In November 2015. Intel Security confirmed the divestiture of its McAfee Next-Generation Firewall and McAfee Firewall Enterprise businesses, which were acquired by Raytheon|Websense for an undisclosed amount. The sale was part of a new strategy by Intel Security, unveiled last October at its Focus 15 event in Las Vegas.
In October 2015, the Santa Clara, Calif.-based security vendor revealed that multiple products have either been sold to other vendors or are being eliminated, according to CRN. Around the same time, Intel Security also announced the end of life of McAfee Asset Manager, McAfee Email Security Solutions (including McAfee Email Gateway, McAfee SaaS Email Protection and Continuity, McAfee SaaS Email Encryption, and McAfee SaaS Email Archiving), McAfee Enterprise Mobility Manager, McAfee Network Threat Response, McAfee SaaS Endpoint Protection, and McAfee Vulnerability Manager and Total Protection For Compliance Desktop.
In January 2014, Intel attempted to distance itself from the name of its top security product, McAfee, rebranding its subsidiary as Intel Security “after years of having its name dragged through the mud thanks to the misadventures of its founder, John McAfee,” CNN Money commented.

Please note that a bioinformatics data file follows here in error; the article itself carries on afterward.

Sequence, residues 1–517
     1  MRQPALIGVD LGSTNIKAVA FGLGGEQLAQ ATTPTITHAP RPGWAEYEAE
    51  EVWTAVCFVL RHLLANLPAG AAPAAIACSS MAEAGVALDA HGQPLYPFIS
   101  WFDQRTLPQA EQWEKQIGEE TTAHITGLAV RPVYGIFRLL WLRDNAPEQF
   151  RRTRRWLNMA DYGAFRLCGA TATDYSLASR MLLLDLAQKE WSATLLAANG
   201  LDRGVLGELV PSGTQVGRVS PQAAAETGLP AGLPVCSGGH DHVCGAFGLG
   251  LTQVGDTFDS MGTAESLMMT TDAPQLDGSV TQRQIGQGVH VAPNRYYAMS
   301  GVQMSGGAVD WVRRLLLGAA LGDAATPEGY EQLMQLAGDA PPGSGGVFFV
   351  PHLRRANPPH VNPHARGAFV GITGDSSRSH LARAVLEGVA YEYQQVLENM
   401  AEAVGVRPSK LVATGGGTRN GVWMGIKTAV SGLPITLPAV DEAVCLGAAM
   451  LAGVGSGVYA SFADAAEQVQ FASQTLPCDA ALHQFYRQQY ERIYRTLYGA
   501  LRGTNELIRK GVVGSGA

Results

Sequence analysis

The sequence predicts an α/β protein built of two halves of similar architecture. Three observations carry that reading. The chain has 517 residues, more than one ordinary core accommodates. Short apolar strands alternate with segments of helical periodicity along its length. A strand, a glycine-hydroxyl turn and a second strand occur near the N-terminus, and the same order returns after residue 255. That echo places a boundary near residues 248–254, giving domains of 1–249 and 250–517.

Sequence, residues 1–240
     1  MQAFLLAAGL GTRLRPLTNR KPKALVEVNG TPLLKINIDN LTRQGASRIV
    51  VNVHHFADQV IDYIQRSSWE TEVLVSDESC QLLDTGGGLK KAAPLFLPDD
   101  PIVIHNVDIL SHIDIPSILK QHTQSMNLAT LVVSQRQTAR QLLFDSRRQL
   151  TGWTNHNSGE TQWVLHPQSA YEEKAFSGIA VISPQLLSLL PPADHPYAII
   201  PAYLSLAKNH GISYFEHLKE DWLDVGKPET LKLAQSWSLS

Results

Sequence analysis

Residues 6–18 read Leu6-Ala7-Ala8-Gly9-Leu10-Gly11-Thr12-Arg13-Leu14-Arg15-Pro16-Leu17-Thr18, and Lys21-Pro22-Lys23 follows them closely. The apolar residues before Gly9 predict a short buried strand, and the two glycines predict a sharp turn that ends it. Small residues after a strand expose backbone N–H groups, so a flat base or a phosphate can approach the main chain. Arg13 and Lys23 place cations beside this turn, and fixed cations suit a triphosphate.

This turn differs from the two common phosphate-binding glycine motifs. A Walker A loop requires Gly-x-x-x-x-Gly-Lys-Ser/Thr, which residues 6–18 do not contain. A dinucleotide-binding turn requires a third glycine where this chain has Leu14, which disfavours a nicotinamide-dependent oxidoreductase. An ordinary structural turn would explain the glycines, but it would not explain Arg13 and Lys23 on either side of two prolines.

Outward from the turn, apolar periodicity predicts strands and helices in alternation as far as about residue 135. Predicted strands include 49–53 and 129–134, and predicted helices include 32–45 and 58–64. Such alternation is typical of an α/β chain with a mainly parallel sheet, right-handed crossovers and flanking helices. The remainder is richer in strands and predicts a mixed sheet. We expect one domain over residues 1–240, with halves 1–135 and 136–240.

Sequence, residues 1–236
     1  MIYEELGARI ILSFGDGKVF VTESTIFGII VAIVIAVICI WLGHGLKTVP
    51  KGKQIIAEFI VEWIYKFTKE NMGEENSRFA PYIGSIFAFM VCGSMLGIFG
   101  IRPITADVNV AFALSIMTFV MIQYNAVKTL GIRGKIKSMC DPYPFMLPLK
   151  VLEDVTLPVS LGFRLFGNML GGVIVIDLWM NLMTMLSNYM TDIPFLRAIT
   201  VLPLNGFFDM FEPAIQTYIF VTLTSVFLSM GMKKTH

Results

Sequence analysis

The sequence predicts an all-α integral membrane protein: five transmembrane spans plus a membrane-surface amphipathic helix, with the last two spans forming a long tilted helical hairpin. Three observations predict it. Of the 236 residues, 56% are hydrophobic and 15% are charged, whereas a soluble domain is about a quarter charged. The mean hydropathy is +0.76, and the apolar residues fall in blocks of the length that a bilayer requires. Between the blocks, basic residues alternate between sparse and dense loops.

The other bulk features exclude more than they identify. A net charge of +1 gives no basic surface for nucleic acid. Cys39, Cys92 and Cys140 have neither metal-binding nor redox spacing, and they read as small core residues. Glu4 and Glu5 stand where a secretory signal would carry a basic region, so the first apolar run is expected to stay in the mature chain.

Nearly six years after acquiring McAfee, Intel has not yet completed its original plan “to embed its cyber security functionality on to chips, promising the ability to detect threats at a deeper level” The FT said. “David DeWalt, the chief executive who helped engineer the sale, left to lead FireEye, a next generation security company and his replacement, Mike DeCesare, left in 2014 and now runs another security company called ForeScout. Intel Security is led by Chris Young, a former Cisco senior vice-president,” it added.
“Intel has been restructuring its business after it was hit by the declining PC market, announcing plans this year to cut 12,000 jobs in its largest workforce reduction in a decade,” said FT reporters Hanna Kuchler and James Fontanella-Khan. “The company is trying to refocus around selling chips for cloud computing rather than PCs, which still contribute 60 per cent of sales and 40 per cent of profits.”
Antivirus Product Market Share
The above comparison chart only includes data from products with real time protection (RTP) enabled. According to OPSWAT, a San Francisco based software company that provides solutions to secure and manage IT infrastructure, based on data collected on January 2, 2015, Microsoft and Avast are the dominant vendors in its antivirus market share report, despite the exclusion of Microsoft’s Windows Defender, which is an optional built-in feature in Windows 10, and a feature of Windows 8 and 8.1 and “not actively acquired” by the user.
All other vendors (including McAfee VirusScan with a 3.6% market share, and its Enterprise version with a 2.2% share) show a single-digit market share, including Avira Free Antivirus, AVG Anti-Virus Free Edition, McAfee VirusScan, and Symantec Endpoint Protection. When combined, products that did not make the top ten in the rankings still make up a sizable 35% share of the market. OPSWAT is not a research institution and makes no claims on the accuracy of this data in the real world marketplace.